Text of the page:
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Re: Scaling atoms & axes in object graphics


   IMHO, you should stick to approach A for the reasons that you
indicate. I had 
once started to lay out a similar class structure and came to the
following hierarchy:

0. (top)  plot_collection  ("album")
1.        plot page        (1 page equivalent to one window or one page
of printed output)
2.        panel            (1 graphical entity that shows related
3.        graph            (1 plot or image which may have several
curves or axes, etc)
4.        molecules ;-)    (axes, curves, contours, vector fields - each
related to one data variable)
5.        atoms            (plot symbols, text labels, etc.)

Within a graph (level 3), everything should be on a fix scale, i,e.
using something similar to 
Conv_Coord. However, "normal" coordinates for a graph would not be IDL's
normal coordinates, but
0. and 1. would always correspond to the graph edges. The same holds for
the panel, so that in order
to position a graph on a panel you use the panel's "normal" coordinates.
And once more for the
page, only that here you may want to take care of the printable area or
user defined page margins,
so that 0. to 1. refers to the portion of the page that will receive
some ink or toner when 
printed. For a screen window, on the other hand, you ignore the page
margins, of course. 

Now, since these are many levels in a hierarchy, you probably want to be
able to skip some of them,
similar to the IDLgr hierarchy of models and scenes. The minimum you
would need to display data is
a graph, and if displayed or printed, it would fill the window or page.
Then, to combine several
graphs in one figure for a publication (the typical (a), (b), (c), ...),
you put the graphs into
a panel, and add some labels and perhaps even a figure caption. Now you
want to produce a poster
or an overhead with two "figures" (or more, of course), then you combine
several panels onto a
page. If each panel would only contain one graph, you could also store
the graphs directly on
the page - all that matters is that both object types have a show method
(and add, remove, ...).
At the very last, you can combine several pages in a "photo-album" to
produce for example a
postscript file.

Then, if you really want to get fancy, you can play games: while a graph
will generally be parallel
to the panel edges, you could freely rotate panels on the page (perhaps
a solution to the postscript
upside down problem discussed a few days ago?). And by changing the
panel or page size you have an
easy way of scaling the whole thing.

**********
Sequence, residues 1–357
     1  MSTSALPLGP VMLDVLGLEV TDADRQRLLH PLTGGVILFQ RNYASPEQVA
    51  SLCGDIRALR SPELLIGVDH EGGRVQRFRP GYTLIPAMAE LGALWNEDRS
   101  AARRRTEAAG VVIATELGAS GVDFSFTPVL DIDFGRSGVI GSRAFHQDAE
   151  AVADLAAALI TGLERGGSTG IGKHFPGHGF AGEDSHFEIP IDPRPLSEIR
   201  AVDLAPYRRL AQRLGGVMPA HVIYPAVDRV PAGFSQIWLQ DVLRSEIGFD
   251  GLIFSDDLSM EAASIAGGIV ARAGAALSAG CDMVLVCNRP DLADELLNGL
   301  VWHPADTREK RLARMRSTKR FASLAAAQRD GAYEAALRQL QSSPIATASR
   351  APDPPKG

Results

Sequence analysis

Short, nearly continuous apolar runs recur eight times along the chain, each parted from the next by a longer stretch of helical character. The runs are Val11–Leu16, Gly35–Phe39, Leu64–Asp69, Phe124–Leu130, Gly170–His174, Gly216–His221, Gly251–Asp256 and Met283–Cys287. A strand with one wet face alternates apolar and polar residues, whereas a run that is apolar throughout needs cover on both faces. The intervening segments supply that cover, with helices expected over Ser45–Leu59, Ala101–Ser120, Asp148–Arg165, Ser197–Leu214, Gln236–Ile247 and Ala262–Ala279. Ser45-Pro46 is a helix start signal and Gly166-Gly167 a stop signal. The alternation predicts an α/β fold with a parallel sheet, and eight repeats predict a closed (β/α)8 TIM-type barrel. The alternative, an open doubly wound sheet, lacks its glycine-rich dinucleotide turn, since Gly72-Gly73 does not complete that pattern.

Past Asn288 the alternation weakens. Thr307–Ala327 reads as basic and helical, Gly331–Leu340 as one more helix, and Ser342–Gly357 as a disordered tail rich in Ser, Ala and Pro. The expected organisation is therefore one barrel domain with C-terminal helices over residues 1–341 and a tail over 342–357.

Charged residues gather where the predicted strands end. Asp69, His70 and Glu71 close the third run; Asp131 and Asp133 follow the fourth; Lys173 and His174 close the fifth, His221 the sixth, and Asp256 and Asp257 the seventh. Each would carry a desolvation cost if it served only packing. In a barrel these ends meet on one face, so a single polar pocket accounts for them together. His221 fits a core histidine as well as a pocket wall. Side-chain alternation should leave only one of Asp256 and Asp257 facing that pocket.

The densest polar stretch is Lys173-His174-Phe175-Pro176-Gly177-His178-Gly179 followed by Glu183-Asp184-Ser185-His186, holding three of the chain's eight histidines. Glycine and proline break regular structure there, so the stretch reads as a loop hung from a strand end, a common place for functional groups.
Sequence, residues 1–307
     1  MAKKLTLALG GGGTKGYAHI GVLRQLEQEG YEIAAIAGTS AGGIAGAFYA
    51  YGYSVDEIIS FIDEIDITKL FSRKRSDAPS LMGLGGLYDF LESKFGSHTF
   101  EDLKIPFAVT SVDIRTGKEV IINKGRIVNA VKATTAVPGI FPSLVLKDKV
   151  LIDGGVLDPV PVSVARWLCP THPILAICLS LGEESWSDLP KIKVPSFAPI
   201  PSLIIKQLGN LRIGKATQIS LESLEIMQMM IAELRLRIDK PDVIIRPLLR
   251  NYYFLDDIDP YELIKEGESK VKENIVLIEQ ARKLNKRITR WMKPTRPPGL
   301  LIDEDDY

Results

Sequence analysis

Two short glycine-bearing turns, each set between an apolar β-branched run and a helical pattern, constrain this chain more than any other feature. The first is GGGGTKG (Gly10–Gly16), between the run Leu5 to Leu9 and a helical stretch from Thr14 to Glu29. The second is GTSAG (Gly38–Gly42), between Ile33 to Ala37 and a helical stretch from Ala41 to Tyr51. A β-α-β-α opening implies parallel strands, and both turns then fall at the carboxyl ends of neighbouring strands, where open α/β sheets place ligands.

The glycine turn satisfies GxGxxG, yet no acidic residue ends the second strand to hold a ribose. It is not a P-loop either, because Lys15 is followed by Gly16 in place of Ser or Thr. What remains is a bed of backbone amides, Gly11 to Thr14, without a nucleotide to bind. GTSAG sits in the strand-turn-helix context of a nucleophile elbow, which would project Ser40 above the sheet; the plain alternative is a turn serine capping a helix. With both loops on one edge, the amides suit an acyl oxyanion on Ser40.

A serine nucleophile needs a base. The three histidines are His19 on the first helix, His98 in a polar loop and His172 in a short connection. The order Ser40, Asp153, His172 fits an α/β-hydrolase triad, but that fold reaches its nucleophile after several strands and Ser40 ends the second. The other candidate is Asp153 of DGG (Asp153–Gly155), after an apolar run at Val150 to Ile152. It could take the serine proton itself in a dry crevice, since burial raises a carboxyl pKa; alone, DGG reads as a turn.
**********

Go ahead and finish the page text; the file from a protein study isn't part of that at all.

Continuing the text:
Doesn't this sound nice? The only drawback is that I will probably never
have time to implement it.
I had started and got into details which led eventually to "variable"
objects which are still at a
rather young development stage, but I am already using them for "file"
objects which are still at a 
rather young development, but I am using them for a "model evaluation"
object which is still ...

But I promise to take a look at your objects before I start doing
anything in this respect myself
(will be rather soon).


Mark Hadfield wrote:
> In the last few days I have been reconsidering my approach to building up
> scientific graphs in object graphics. By "scientific graphs" I mean a wide
> class of graphs in which data are represented geometrically in association
> with axes in 1, 2 or 3 dimensions. (This doesn't rule out the possibility
> that some aspects of the data are represented non-geometrically, e.g. by
> colour.) I am weighing the pros and cons of two different ways of handling
> scaling. Perhaps newsgroup readers would like to comment.
> Approach A: Use [X,Y,Z]COORD_CONV
> [...]
> Approach B: IDLgrModel::Scale & Translate, aka "[X,Y,Z]COORD_CONV is evil"
> [...]
> There is a major advantage to approach B:
> Once a set of atoms and axes has been put into a model, any further changes
> to the scaling of that model will not disturb the geometric relationship
> between the axes and atoms. With approach A, if you want to fiddle with the
> scaling of a graph after it has been set up, you have to EITHER: a) keep a
> list of all the atoms & axes at the top level of the graphics application
> and apply changes to the [X,Y,Z]COORD_CONV properties of each one; OR b)
> have each axis keep track of all the atoms that are scaled to it and pass on
> any changes--then the graphics application just needs to keep track of the
> axes. I have been experimenting with the latter method via a class I call
> MGHgrMSaxis ("MS" = master-slave) and it's not as complicated as it sounds,
> but it's still a level of complication I'd like to avoid.
> [...]
> Summary:
> The sole advantage I have cited for approach B is a biggy.
> What do others think? Is there an approach C I haven't thought of?
> Thanks to Randall Frank for setting off this train of thought.
> ---
> Mark Hadfield
> m.hadfield@niwa.cri.nz  http://katipo.niwa.cri.nz/~hadfield/
> National Institute for Water and Atmospheric Research
> PO Box 14-901, Wellington, New Zealand

[[ Dr. Martin Schultz   Max-Planck-Institut fuer Meteorologie    [[
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